The Department of Art & Art History at Stanford University presents Hi5, on view in the Stanford Art Gallery from January 13 through March 1, with a reception on Thursday, January 15, 2015, from 5 – 7 PM. This annual group exhibition introduces the five first-year MFA students in Art Practice: Ashley Valmere Fischer, Simona Fitcal, Cy Keener, Masako Miyazaki, and Justin Wood.
Faculty curator Xiaoze Xie states: "Hi5 brings together an extraordinary group of young and ambitious artists who employ a variety of media to explore existential, social, environmental, psychological and aesthetic issues, as well as the relationship between the physical and the virtual. What distinguishes the show is the prominent role computer technology plays in these innovative projects.”
Ashley Valmere Fischer’s series of photographs portray the rhythm of human life against the backdrop of vegetation, mountains, and rivers. Titled Temporally Tellurian, the series is a study of the effects of humans on the natural environment and describes the impact of our footprint on unspoiled land. Some seek out far-away, detached land that distances themselves from crowded urban centers, and this return to the land, captured in Fischer’s photographs, represents a contradiction to our plugged-in global culture of instant access.
Simona Fitcal’s body of work offers a symbolic and expressive approach to digital visual effects by means of interactive installations, multimedia performances, and experimental video. Her inspiration is that of globally relevant topics, including environmental issues, advertising and privacy, and cultural identity. On view during Hi5, Fitcal will display a few of her twisted polygonal frames, hung from the gallery’s wall, which will be used as the surface for a projection of an organic-shaped 3D animation.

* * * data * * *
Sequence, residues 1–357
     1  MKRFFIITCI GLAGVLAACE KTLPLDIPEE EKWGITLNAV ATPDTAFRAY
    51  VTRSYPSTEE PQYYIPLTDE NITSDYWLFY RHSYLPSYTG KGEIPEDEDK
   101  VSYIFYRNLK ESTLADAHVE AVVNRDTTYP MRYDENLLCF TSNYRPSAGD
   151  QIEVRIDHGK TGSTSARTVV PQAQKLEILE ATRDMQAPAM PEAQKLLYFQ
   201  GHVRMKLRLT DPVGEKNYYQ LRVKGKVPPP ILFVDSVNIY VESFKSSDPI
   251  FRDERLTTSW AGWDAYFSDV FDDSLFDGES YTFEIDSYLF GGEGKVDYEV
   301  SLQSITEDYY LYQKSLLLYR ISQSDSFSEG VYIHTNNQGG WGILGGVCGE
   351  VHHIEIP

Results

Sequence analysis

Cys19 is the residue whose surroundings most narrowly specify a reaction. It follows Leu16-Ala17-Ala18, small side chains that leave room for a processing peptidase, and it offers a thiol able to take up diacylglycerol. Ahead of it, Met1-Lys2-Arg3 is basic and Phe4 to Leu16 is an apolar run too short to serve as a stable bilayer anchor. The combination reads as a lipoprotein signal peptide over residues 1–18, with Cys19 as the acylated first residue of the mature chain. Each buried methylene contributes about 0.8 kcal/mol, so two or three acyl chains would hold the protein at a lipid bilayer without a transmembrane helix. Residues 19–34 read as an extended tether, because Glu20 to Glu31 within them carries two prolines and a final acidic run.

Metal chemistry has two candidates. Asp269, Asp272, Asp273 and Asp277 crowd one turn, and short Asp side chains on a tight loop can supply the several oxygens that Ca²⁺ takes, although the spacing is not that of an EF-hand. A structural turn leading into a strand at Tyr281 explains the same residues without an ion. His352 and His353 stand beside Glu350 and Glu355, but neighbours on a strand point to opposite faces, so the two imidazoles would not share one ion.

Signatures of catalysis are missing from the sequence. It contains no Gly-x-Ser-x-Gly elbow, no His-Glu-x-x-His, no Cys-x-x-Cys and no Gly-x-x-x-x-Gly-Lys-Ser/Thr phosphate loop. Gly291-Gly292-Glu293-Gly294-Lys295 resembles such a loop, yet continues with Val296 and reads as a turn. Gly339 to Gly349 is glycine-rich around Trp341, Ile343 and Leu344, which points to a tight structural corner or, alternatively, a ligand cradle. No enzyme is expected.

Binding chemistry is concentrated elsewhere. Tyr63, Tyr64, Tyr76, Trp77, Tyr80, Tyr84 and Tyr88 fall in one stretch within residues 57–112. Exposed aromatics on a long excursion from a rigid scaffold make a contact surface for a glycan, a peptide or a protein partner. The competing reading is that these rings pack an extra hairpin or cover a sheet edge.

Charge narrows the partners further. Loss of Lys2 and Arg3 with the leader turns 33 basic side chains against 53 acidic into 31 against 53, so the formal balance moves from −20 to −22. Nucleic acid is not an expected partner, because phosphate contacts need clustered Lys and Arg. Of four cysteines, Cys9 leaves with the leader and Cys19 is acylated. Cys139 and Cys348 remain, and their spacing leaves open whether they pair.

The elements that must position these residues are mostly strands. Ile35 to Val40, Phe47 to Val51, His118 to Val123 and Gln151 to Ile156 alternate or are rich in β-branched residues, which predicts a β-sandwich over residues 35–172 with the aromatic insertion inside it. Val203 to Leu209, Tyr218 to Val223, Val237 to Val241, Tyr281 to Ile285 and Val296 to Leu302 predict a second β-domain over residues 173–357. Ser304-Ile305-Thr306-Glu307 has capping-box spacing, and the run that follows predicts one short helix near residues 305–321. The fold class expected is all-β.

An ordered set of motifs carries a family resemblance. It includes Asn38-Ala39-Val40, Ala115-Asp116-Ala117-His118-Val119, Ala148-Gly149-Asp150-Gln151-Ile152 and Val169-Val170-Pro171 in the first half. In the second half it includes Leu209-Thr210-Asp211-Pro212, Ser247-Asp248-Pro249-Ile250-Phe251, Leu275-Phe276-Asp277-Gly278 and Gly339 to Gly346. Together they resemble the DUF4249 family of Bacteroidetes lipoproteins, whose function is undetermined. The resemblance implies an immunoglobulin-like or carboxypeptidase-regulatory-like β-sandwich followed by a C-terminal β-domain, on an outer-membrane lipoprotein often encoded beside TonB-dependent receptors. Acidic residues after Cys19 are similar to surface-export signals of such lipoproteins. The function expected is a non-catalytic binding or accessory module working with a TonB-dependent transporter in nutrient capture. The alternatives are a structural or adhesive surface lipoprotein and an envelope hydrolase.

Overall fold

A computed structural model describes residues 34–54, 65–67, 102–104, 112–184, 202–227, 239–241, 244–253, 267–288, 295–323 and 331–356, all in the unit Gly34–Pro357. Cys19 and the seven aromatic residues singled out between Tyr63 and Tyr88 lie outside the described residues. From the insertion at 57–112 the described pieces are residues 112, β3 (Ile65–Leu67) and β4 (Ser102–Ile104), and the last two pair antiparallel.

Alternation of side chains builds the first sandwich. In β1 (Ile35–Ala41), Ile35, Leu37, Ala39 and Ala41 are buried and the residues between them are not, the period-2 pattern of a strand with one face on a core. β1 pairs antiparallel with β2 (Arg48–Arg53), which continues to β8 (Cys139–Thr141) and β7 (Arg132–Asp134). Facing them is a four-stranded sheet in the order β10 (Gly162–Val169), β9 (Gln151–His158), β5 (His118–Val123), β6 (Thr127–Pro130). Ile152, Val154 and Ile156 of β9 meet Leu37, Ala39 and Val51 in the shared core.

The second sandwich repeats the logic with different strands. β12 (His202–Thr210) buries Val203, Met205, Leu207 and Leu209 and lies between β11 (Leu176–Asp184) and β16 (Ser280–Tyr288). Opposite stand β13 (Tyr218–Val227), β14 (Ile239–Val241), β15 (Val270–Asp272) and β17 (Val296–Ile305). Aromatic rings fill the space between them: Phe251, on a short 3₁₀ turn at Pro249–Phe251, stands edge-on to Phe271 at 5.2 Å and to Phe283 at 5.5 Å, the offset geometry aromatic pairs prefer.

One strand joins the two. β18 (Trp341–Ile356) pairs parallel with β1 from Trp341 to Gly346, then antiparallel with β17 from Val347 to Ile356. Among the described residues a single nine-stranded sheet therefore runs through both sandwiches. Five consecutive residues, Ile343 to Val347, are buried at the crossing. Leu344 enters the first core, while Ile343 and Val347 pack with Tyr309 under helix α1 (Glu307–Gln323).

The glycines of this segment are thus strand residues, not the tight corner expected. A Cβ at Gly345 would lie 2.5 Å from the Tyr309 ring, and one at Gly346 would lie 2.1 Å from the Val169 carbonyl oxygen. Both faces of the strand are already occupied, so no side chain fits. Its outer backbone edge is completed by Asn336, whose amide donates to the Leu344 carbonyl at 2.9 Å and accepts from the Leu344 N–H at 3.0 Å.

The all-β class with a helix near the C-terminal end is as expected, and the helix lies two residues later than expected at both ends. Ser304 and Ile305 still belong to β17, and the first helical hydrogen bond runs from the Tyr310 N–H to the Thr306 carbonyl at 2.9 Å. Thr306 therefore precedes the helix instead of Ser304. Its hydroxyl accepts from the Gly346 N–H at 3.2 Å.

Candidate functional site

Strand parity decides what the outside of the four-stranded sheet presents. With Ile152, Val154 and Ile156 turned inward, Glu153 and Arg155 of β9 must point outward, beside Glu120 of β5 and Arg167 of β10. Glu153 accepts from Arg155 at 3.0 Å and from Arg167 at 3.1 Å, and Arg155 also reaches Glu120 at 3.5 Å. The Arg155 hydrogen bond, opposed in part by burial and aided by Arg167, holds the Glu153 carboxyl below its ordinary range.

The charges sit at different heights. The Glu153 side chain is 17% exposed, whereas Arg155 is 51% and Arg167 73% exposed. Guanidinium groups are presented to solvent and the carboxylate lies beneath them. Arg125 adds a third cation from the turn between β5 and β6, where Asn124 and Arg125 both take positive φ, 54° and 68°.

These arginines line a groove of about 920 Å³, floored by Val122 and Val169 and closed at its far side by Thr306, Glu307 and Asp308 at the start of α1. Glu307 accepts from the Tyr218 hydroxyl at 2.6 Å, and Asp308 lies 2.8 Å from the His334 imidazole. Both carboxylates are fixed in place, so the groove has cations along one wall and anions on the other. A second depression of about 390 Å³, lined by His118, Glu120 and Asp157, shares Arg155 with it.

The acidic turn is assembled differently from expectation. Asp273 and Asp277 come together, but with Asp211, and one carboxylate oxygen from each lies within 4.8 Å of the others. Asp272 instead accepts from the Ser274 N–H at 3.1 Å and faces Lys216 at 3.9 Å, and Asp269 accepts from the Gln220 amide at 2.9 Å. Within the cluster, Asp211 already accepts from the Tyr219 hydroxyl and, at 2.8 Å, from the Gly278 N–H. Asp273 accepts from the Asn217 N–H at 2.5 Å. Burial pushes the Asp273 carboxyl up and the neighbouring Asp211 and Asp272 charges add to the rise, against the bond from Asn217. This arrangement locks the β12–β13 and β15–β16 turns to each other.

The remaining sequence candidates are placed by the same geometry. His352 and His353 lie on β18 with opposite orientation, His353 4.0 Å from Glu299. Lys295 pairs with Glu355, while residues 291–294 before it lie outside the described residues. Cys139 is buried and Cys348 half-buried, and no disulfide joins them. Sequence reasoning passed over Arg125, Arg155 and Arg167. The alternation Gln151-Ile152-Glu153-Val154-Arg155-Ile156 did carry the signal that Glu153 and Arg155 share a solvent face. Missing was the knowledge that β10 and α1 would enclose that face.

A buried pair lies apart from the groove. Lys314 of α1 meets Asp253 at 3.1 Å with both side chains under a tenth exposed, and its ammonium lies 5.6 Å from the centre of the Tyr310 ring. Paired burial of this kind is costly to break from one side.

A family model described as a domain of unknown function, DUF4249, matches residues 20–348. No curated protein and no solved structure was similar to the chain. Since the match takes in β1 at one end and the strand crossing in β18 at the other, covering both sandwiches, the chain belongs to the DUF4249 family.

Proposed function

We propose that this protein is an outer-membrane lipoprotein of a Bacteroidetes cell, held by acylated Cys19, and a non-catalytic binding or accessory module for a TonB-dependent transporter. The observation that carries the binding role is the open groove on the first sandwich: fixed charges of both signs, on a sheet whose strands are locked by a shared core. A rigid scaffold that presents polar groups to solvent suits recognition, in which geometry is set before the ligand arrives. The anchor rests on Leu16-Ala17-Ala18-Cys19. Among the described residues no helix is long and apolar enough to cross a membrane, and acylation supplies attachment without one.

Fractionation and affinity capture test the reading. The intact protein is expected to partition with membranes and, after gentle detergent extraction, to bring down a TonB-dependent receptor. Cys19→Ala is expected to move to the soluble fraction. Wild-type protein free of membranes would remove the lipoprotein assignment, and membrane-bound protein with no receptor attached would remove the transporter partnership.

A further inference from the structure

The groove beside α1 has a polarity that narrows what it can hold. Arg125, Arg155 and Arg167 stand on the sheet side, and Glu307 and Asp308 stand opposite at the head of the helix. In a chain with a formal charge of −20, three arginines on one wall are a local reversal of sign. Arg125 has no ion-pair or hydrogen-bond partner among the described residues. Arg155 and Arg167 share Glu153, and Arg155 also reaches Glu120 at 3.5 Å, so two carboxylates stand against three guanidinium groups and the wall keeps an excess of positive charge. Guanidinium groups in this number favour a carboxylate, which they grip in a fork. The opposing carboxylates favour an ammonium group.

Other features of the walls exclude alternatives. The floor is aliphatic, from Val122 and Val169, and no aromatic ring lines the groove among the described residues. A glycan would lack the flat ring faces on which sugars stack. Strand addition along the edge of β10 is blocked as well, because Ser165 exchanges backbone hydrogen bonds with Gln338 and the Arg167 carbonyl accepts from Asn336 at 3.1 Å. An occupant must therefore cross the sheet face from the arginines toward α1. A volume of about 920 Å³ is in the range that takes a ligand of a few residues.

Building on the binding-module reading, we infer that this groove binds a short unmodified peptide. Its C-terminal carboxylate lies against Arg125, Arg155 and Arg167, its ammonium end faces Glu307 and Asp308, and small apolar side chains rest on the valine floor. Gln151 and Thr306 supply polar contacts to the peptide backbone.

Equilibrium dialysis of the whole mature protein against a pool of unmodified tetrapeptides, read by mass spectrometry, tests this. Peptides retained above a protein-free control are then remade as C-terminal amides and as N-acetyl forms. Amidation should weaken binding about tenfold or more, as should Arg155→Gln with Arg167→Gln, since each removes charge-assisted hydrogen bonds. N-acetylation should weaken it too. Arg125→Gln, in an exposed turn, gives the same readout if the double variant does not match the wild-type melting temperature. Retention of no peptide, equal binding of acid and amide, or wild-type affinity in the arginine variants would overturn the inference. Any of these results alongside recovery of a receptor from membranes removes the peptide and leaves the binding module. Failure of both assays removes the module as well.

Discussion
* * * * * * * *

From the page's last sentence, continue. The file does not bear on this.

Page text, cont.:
Entering through the gallery doors, past the lobby and into the main room of the Stanford Art Gallery, visitors are greeted by Cy Keener’s A Letter from the Sky. The large, rectangular structure located in the middle of the gallery floor, is externally covered with aluminum that contains abstract line drawings. Upon entering the dark structure, viewers find a space that they can meander through, with strands of fiber optic light puncturing the darkness within. The strands, as well as the external line drawings, translate snippets of collected and calculated raindrop data into a visceral and emotional language of space, light, and form.
If extremes mark the outermost bounds, then the space within consists of everything we may know. Masako Miyazaki’s work focuses on the forms that emerge and dissipate in this intermediate space. Miyazaki strives to capture the temporal nature of life’s living mass not through a single image, but through several scales and perspectives, which she attributes to the serial nature of her drawings. Maps is a series of abstract, neutral-toned paintings of large, bold shapes with surfaces that suggest the passage of time, attempting to document the anatomy of habits, thoughts, automatic skills, and implicit knowledge.
Justin Wood creates work that explores both the common ground and disparate nature of the relationship between analog and digital worlds. In his large-scale faceted piece hung from the gallery’s back wall, Wood references The Dead Pearl Diver (1858) by Benjamin “Paul” Akers. The piece, with it’s peaks and valleys of alabaster material, are the foundation for projection of a 3D moving image of a woman striking a similar pose to Akers sculpture, and in part, explores Wood’s apprehension of the quest for artificial intelligence.